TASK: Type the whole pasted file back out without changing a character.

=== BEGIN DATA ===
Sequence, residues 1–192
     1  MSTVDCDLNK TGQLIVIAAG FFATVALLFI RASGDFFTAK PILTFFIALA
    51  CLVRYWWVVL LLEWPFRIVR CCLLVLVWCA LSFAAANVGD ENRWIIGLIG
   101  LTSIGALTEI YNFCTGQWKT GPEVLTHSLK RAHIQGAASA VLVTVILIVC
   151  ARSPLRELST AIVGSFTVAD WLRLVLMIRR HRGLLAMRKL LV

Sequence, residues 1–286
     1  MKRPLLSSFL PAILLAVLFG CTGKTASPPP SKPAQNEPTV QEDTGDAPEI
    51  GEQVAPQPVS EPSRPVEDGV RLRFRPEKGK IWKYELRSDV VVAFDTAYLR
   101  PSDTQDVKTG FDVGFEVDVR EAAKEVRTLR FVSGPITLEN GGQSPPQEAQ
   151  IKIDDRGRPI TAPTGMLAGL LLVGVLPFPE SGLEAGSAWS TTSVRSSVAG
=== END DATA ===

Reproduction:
Sequence, residues 1–192
     1  MSTVDCDLNK TGQLIVIAAG FFATVALLFI RASGDFFTAK PILTFFIALA
    51  CLVRYWWVVL LLEWPFRIVR CCLLVLVWCA LSFAAANVGD ENRWIIGLIG
   101  LTSIGALTEI YNFCTGQWKT GPEVLTHSLK RAHIQGAASA VLVTVILIVC
   151  ARSPLRELST AIVGSFTVAD WLRLVLMIRR HRGLLAMRKL LV

Sequence, residues 1–286
     1  MKRPLLSSFL PAILLAVLFG CTGKTASPPP SKPAQNEPTV QEDTGDAPEI
    51  GEQVAPQPVS EPSRPVEDGV RLRFRPEKGK IWKYELRSDV VVAFDTAYLR
   101  PSDTQDVKTG FDVGFEVDVR EAAKEVRTLR FVSGPITLEN GGQSPPQEAQ
   151  IKIDDRGRPI TAPTGMLAGL LLVGVLPFPE SGLEAGSAWS TTSVRSSVAG